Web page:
(1.15) PX(B) ≡ P [X ∈ B] := P [X−1(B)] ≡ P [{ω ∈ Ω | X(ω) ∈ B}].

    4

  • If in Example 1.5 we define X := the number of trials needed to obtain the first Head, then the probability model for X is exactly that of Example 1.2. This shows that the same random experiment can give rise to different probability models.

    A multivariate rv (X1, . . . , Xn) is called a random vector (rvtr). It is important to realize that the individual rvs X1, . . . , Xn are related in that they must arise from the same random experiment. Thus they may (or may not) be correlated. [Example: (X, Y ) = (height,weight); other examples?] One goal of statistical analysis is to study the relationship among correlated rvs for purposes of prediction.

    The random variable (or random vector) X is called discrete if its range ΩX is discrete, and continuous if ΩX is continuous. As in (1.1), the probability distribution PX of a discrete random variable is completely determined by its probability mass function (pmf)

    (1.16) fX(x) := P [X = x], x ∈ ΩX .

    For a univariate continuous random variable X with pdf fX on R1, it is convenient to define the cumulative distribution function (cdf) as follows:

    (1.17) FX(x) := P [X ≤ x] = ∫ x −∞

    fX(t)dt, x ∈ R1,

    F :

    The pdf fX can be recovered from the cdf FX as follows:

    (1.18) fX(x) = d

    dx FX(x), x ∈ R1.

    5

  • Clearly FX directly determines the probabilities of all intervals in R1:

    (1.19) PX [ (a, b] ] ≡ Pr[X ∈ (a, b] ] = FX(b) − FX(a).

    In fact, FX completely determines1 the probability distribution PX on R1.

    Note: The cdf FX is also defined for univariate discrete random variables by (1.17). Now FX determines the pmf pX not by (1.18) but by

    (1.20) fX(x) ≡ P [X = x] = FX(x) − FX(x−), x ∈ R1 [verify].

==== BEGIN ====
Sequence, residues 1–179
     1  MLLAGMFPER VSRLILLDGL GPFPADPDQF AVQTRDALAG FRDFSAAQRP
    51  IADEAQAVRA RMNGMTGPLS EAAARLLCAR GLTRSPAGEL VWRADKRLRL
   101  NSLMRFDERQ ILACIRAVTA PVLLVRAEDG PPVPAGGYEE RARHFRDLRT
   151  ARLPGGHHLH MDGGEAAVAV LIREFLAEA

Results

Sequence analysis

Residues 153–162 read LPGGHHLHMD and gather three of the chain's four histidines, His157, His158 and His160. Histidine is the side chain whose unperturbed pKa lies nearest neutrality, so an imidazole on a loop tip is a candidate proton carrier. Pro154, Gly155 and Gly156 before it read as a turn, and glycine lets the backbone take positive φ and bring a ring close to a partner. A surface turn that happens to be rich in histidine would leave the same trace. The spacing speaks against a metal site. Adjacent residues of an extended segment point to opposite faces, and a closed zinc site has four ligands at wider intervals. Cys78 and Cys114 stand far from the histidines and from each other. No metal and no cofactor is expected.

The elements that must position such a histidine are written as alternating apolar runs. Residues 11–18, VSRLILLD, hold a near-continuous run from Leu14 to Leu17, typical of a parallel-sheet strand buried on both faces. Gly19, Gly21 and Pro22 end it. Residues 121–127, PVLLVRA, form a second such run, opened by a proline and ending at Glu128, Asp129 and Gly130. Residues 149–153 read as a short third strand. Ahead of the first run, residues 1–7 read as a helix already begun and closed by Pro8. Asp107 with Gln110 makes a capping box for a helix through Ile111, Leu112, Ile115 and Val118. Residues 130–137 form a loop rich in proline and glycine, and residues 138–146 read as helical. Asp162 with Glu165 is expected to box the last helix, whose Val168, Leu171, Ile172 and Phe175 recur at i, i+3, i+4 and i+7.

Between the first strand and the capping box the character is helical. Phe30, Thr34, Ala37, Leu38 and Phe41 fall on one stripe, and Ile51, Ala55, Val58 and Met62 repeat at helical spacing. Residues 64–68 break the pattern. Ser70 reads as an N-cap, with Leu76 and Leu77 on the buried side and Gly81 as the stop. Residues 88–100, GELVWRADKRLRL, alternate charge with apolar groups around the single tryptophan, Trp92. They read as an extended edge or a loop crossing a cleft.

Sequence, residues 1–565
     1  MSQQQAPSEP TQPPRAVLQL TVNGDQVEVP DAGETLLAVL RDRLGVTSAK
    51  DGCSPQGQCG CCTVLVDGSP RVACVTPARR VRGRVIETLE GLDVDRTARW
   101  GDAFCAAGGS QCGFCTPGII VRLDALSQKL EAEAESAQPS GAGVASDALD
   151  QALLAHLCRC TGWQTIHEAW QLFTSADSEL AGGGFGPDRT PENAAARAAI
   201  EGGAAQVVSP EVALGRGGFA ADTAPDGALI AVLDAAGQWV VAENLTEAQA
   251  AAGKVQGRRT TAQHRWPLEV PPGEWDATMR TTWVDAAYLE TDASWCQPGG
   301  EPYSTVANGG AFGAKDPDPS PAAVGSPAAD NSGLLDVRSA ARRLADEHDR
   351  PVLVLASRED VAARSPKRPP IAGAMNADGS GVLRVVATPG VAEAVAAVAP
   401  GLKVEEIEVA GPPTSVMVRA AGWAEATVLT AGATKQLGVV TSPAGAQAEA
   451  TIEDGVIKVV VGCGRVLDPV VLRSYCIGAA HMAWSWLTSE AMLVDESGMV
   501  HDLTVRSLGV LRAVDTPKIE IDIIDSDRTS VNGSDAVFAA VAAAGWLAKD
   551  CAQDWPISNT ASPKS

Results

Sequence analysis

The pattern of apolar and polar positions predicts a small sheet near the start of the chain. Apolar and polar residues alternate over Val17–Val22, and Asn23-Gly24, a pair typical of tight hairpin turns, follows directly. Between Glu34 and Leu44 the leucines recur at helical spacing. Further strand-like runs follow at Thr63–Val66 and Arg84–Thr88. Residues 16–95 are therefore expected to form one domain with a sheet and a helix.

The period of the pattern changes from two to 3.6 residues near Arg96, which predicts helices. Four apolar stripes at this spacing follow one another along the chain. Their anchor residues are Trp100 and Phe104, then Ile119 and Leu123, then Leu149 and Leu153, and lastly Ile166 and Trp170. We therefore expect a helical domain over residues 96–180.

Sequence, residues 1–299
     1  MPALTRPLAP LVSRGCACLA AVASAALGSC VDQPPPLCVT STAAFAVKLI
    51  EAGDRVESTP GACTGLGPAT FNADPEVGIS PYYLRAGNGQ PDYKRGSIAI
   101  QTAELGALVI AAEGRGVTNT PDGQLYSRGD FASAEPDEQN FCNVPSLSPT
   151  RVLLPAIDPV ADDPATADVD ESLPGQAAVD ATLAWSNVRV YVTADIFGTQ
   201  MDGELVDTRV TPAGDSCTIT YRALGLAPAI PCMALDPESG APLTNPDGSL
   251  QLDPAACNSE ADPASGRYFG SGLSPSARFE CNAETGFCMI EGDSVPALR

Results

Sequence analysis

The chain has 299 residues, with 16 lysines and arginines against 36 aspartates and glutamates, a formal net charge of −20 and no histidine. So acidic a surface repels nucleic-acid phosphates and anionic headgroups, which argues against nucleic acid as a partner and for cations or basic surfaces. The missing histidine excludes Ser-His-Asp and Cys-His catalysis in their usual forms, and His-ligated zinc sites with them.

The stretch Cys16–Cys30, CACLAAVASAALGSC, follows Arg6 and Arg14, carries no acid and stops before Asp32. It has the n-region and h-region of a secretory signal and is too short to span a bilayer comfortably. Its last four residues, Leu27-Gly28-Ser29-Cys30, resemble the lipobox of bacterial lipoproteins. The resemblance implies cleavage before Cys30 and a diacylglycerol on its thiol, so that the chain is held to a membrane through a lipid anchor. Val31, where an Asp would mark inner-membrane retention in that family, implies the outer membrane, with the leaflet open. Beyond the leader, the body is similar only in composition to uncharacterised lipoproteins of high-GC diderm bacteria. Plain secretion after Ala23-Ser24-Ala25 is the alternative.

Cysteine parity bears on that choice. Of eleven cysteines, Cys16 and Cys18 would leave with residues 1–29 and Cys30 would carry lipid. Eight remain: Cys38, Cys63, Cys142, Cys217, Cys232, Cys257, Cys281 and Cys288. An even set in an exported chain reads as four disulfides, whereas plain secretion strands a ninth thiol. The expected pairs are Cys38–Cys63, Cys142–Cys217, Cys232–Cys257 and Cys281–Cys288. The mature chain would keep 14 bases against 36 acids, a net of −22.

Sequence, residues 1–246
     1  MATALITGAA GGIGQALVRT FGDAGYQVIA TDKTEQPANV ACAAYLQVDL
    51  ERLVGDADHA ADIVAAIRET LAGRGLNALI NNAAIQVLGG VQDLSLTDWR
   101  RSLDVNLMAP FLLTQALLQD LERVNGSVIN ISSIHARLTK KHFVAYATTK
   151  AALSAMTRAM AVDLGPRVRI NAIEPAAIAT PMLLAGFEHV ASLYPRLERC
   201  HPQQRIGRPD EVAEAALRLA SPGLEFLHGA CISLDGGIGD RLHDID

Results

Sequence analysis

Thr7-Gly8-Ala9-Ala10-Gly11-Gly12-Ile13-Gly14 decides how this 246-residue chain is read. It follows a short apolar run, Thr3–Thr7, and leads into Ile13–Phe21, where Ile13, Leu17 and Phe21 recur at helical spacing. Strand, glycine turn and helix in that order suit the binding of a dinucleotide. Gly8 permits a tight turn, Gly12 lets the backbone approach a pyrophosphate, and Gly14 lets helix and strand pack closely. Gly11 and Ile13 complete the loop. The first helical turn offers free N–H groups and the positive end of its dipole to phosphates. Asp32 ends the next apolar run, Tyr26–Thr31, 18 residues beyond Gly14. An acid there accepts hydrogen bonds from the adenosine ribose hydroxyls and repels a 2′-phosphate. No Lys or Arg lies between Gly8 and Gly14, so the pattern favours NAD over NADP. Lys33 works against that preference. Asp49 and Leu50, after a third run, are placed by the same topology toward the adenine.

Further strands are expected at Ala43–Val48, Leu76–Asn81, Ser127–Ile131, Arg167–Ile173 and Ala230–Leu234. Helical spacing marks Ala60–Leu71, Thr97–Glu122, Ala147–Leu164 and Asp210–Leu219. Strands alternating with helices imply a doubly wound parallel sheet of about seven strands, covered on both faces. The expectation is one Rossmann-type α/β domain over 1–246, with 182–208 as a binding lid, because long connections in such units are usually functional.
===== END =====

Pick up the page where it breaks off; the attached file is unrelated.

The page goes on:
F :

    Basic properties of a cdf F on R1:

    (i) F (−∞) = 0 ≤ F (x) ≤ 1 = F (+∞).

    (ii) F (·) is non-decreasing and right-continuous: F (x) = F (x+).

    For a continuous multivariate rvtr (X1, . . . , Xn) the joint cdf is

    (1.21) FX1,...,Xn(x1, . . . , xn) := P [X1 ≤ x1, . . . , Xn ≤ xn],

    from which the joint pdf f is recovered as follows:

    (1.22) fX1,...,Xn(x1, . . . , xn) : ∂n

    ∂x1 · · · ∂xn FX1,...,Xn(x1, . . . , xn).

    Exercise 1.1. Extend (1.19) to show that for n = 2, the cdf F directly determines the probabilities of all rectangles in R2. �̄

    1 Since any Borel set B ⊂ R1 can be approximated by finite disjoint unions of intervals.

    6

  • For a discrete multivariate rvtr (X1, . . . , Xn), the joint cdf FX1,...,Xn is again defined by (1.21). The joint pmf is given by

    (1.23) fX1,...,Xn(x1, . . . , xn) := P [X1 = x1, . . . , Xn = xn],

    from which all joint probabilities can be determined as in (1.1).

    The marginal pmf or pdf of any Xi can be recovered from the joint pmf or pdf by summing or integrating over the other variables. The marginal cdf can also be recovered from the joint cdf. I